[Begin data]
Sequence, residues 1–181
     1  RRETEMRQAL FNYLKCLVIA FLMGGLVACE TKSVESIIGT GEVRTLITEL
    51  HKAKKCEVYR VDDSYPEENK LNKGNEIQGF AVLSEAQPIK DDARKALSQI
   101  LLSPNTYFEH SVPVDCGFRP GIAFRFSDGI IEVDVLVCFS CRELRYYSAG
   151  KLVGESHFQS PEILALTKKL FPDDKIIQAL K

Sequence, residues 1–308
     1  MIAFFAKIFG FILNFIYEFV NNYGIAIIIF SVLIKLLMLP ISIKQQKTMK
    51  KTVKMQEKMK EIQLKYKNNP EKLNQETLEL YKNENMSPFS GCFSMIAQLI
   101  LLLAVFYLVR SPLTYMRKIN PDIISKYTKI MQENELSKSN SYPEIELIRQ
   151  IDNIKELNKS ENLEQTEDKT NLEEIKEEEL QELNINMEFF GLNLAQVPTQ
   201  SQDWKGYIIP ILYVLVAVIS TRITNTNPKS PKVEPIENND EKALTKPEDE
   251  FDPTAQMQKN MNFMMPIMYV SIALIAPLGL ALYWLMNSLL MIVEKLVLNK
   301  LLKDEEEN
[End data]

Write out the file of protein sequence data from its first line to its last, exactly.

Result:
Sequence, residues 1–181
     1  RRETEMRQAL FNYLKCLVIA FLMGGLVACE TKSVESIIGT GEVRTLITEL
    51  HKAKKCEVYR VDDSYPEENK LNKGNEIQGF AVLSEAQPIK DDARKALSQI
   101  LLSPNTYFEH SVPVDCGFRP GIAFRFSDGI IEVDVLVCFS CRELRYYSAG
   151  KLVGESHFQS PEILALTKKL FPDDKIIQAL K

Sequence, residues 1–308
     1  MIAFFAKIFG FILNFIYEFV NNYGIAIIIF SVLIKLLMLP ISIKQQKTMK
    51  KTVKMQEKMK EIQLKYKNNP EKLNQETLEL YKNENMSPFS GCFSMIAQLI
   101  LLLAVFYLVR SPLTYMRKIN PDIISKYTKI MQENELSKSN SYPEIELIRQ
   151  IDNIKELNKS ENLEQTEDKT NLEEIKEEEL QELNINMEFF GLNLAQVPTQ
   201  SQDWKGYIIP ILYVLVAVIS TRITNTNPKS PKVEPIENND EKALTKPEDE
   251  FDPTAQMQKN MNFMMPIMYV SIALIAPLGL ALYWLMNSLL MIVEKLVLNK
   301  LLKDEEEN